Richard Wood thinks Republican presidential nominee Mitt Romney is correct that a broad swath of Americans is dependent on government and devoid of personal responsibility, but maybe not as broad a swath as Romney suggested.
"He needs to get better numbers, but he needs to hit on it because that's one of the problems with this country," said Wood, who is 63 and lives in Bradenton, Fla.
In a video released this week of Romney speaking at a campaign fundraiser in May, the former Massachusetts governor told donors that 47 percent of the country won't vote for him because they'd rather rely on President Barack Obama's administration for handouts.
"Forty-seven percent of Americans pay no income tax, so our message of low taxes doesn't connect," Romney said in the video. "I'll never convince them that they should take personal responsibility and care for their lives."
Romney's comments are a mashup of two common conservative complaints, one that nearly half of the country does not pay federal income taxes, and the other that half of the country receives some type of government benefit, such as Social Security, Medicare, or unemployment insurance. Both numbers have been inflated recently by the Great Recession and its endless aftermath.
Wood knows Romney needs better numbers for his message because he is a Romney supporter, yet he is also member of the 47 percent: Wood receives Social Security and has not paid income taxes since his title insurance business tanked years ago.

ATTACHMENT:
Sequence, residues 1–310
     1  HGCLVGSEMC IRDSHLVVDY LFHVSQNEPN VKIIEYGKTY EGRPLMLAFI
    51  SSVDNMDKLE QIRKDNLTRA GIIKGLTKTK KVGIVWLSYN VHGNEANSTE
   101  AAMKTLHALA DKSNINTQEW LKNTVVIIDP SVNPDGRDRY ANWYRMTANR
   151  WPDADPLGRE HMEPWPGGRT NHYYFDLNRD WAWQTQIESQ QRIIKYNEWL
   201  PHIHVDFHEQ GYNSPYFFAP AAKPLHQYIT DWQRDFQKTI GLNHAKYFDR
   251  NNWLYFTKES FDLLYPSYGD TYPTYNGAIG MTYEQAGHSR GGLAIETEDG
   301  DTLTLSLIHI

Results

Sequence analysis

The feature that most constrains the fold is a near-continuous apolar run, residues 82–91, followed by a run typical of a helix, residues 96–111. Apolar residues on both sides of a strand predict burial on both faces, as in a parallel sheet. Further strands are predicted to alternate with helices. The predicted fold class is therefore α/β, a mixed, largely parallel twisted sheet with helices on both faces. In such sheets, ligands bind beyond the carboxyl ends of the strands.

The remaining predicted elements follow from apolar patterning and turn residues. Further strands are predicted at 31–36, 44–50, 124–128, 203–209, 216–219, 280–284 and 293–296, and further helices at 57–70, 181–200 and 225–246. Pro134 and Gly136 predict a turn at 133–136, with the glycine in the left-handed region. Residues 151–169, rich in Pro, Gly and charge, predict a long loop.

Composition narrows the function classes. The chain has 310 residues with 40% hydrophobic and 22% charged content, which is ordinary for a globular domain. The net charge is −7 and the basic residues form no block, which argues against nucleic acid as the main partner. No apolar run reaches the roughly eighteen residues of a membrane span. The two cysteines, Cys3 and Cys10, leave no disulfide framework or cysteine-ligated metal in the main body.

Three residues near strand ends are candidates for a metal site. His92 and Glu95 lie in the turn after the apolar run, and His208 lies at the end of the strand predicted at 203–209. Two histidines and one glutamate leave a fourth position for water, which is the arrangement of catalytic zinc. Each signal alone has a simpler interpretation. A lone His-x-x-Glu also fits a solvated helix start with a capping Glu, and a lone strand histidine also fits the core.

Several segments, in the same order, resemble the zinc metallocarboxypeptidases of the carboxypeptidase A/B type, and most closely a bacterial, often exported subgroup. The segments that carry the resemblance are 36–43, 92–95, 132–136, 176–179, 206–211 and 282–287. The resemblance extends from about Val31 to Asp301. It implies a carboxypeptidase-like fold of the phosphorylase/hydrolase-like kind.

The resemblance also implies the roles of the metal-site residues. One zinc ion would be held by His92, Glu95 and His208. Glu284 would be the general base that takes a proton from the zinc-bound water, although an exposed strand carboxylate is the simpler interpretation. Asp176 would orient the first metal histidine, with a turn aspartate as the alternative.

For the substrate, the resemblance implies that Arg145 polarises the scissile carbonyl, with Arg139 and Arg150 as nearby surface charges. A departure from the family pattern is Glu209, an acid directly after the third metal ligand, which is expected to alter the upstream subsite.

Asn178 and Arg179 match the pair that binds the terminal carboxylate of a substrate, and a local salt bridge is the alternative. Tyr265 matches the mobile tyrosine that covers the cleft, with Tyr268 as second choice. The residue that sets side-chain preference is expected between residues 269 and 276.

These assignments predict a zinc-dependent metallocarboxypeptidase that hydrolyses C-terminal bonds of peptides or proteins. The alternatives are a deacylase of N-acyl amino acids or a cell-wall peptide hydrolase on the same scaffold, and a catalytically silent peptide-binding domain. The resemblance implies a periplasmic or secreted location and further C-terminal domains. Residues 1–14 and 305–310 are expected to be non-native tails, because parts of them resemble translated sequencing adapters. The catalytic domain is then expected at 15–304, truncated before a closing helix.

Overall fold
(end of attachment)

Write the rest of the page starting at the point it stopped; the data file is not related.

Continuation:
The controversy over Romney's remarks, according to Wood, is "just another diversion so the Obama press doesn't have to talk about his record."
Another part of Romney's comments, in which he lamented Americans "who believe that they are victims, who believe that government has a responsibility to care for them," suggested to Wood that the candidate had in mind a narrower population than simply everyone not paying taxes or receiving benefits. Wood said he thinks Romney meant the type of people who get free meals at Wood's church every week.
"A number of the people I feed breakfast to on Thursday morning are just happy to get free cellphones and government checks and they're sleeping outside," Wood said. Asked what percentage of the country might share the victim mentality, Wood ventured 20 or 30 percent. "I think it's an increasing number," he said.